Lectures on Physics has been derived from Benjamin Crowell's Light and Matter series of free introductory textbooks on physics. See the editorial for more information....

Light as a Particle

In recent decades, a huge hole in the ozone layer has spread out from Antarctica.

The only thing that interferes with my learning is my education. Albert Einstein

Radioactivity is random, but do the laws of physics exhibit randomness in other contexts besides radioactivity? Yes. Radioactive decay was just a good playpen to get us started with concepts of randomness, because all atoms of a given isotope are identical. By stocking the playpen with an unlimited supply of identical atom-toys, nature helped us to realize that their future behavior could be different regardless of their original identicality. We are now ready to leave the playpen, and see how randomness fits into the structure of physics at the most fundamental level.

The laws of physics describe light and matter, and the quantum revolution rewrote both descriptions. Radioactivity was a good example of matter's behaving in a way that was inconsistent with classical physics, but if we want to get under the hood and understand how nonclassical things happen, it will be easier to focus on light rather than matter. A radioactive atom such as uranium-235 is after all an extremely complex system, consisting of 92 protons, 143 neutrons, and 92 electrons. Light, however, can be a simple sine wave.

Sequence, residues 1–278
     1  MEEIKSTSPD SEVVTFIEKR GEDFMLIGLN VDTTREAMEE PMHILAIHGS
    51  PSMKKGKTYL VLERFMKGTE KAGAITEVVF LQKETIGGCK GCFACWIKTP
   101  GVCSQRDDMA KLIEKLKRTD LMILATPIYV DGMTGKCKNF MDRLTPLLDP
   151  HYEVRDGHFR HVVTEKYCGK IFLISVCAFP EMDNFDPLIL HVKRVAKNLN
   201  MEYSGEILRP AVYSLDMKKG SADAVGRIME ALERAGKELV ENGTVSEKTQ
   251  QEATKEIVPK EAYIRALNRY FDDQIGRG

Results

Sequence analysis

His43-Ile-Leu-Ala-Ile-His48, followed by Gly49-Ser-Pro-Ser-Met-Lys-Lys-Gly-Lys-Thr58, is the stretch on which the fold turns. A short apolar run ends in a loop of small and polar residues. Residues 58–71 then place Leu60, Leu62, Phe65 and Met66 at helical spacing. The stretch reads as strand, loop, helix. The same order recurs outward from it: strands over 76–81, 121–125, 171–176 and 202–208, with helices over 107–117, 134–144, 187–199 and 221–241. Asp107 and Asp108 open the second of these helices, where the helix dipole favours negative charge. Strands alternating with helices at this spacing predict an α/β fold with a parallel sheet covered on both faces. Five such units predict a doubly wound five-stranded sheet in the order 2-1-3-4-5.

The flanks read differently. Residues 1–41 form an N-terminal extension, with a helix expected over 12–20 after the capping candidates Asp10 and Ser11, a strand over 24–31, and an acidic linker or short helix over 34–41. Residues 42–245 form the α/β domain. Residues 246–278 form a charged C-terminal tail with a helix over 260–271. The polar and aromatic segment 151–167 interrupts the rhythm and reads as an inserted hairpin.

However successful the classical wave theory of light had been - allowing the creation of radio and radar, for example - it still failed to describe many important phenomena. An example that is currently of great interest is the way the ozone layer protects us from the dangerous short-wavelength ultraviolet part of the sun's spectrum. In the classical description, light is a wave. When a wave passes into and back out of a medium, its frequency is unchanged, and although its wavelength is altered while it is in the medium, it returns to its original value when the wave reemerges. Luckily for us, this is not at all what ultraviolet light does when it passes through the ozone layer, or the layer would offer no protection at all!

Last Update: 2009-06-21